BusinessWeek columnist Mike Proulx says inattentive site management can lead to a PR nightmare. Every site on the Internet is vulnerable to hacking viruses and other online malfeasances. As a result, web programmers must remain one step ahead of violators by continuously checking up on all company sites.

#4. The Material isn’t Proofread

“Bad grammar and spelling can make a good page go bad,” Seymour notes. All blogs, posts and tweets should be professional in appearance, even though social media sites are generally informal in nature. Authors should read posts as they are writing them, and have a co-worker look over the copy before it is uploaded online.

#5. Missed Branding Opportunities

Springer notes that most social media sites include multiple fields for profile owners to personify their page—but many business owners leave them blank. “Your company information, logo, and any other links or images on your profile are the sales tools you have to pique a potential customer’s interest in your business,” she writes. “If your profile is half complete it reflects poorly on your company.”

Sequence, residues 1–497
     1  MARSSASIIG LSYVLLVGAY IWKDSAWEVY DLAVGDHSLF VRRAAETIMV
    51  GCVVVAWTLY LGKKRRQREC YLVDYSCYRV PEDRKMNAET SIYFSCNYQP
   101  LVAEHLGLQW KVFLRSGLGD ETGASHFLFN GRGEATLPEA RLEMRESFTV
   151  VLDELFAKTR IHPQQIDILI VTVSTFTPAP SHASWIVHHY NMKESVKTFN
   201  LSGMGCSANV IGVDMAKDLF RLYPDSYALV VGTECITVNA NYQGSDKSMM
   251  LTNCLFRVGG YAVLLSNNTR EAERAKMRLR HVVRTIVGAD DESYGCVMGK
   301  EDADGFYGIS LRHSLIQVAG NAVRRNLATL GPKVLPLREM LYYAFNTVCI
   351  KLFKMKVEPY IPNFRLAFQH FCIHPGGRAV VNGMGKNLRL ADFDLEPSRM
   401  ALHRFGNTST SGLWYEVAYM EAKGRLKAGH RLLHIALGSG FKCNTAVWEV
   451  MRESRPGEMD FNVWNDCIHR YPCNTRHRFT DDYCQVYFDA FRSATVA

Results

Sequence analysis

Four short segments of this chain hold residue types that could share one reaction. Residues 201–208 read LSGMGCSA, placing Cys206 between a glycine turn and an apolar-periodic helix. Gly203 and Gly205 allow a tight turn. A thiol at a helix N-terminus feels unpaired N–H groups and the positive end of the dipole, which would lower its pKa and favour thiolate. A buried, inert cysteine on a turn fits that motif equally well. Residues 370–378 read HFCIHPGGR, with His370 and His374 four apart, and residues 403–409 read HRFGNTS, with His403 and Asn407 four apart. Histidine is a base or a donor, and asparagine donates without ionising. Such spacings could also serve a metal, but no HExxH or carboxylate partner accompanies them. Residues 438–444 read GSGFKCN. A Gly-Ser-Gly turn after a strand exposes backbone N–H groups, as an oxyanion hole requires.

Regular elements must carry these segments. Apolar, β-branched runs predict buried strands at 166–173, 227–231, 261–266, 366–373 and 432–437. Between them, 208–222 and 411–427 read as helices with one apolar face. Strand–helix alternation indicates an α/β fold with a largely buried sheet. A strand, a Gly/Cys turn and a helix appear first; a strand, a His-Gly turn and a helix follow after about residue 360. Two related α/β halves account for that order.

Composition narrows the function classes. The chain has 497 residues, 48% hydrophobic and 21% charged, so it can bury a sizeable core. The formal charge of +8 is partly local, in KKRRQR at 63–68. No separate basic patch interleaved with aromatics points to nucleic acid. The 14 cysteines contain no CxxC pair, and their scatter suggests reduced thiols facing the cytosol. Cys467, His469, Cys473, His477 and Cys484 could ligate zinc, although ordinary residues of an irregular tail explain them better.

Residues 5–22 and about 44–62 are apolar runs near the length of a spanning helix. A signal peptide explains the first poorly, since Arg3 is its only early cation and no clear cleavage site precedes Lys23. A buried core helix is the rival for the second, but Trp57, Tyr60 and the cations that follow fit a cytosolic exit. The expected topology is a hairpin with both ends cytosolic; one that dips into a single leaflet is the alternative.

#6. Accounts aren’t Linked

Businesses with multiple sites should install a mechanism to link them together—and connect various users of these sites in the process. Seymour advises business owners to link social sites on their official homepage using widgets. Additionally, posts on the homepage should be automatically uploaded to all social sites simultaneously, rather than one at a time.

#7. Profiles aren’t Claimed

Springer reminds business owners that, whether or not they choose to participate in social media, their sites are part of the public domain. Yelp!, Google Places and other services create company profiles for owners who have not done so themselves—and this is a great opportunity to build web presence. “All of these services give you the option to control what’s shown about your company and how it’s shown,” she says.

#8. Responses aren’t Timely

In the event of bad publicity, Proulx warns that waiting too long can result in further disaster. When businesses err, he says immediate, humble acknowledgment of wrongdoing on social media platforms is the best route to take. “Taking the time to craft a perfect corporate response with layers of bureaucratic approvals will only cause more damage to your brand’s social reputation,” he says.